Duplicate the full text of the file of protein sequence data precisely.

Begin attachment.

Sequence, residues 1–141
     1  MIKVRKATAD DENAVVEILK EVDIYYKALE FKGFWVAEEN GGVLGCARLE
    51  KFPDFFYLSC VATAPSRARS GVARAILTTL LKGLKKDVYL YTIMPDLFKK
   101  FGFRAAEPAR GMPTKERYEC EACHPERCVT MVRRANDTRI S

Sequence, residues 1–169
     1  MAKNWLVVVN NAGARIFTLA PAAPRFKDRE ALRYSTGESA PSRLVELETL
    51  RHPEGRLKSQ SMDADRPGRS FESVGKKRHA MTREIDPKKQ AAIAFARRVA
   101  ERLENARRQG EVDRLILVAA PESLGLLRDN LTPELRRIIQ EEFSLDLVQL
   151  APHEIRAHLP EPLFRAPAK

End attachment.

Sequence, residues 1–141
     1  MIKVRKATAD DENAVVEILK EVDIYYKALE FKGFWVAEEN GGVLGCARLE
    51  KFPDFFYLSC VATAPSRARS GVARAILTTL LKGLKKDVYL YTIMPDLFKK
   101  FGFRAAEPAR GMPTKERYEC EACHPERCVT MVRRANDTRI S

Sequence, residues 1–169
     1  MAKNWLVVVN NAGARIFTLA PAAPRFKDRE ALRYSTGESA PSRLVELETL
    51  RHPEGRLKSQ SMDADRPGRS FESVGKKRHA MTREIDPKKQ AAIAFARRVA
   101  ERLENARRQG EVDRLILVAA PESLGLLRDN LTPELRRIIQ EEFSLDLVQL
   151  APHEIRAHLP EPLFRAPAK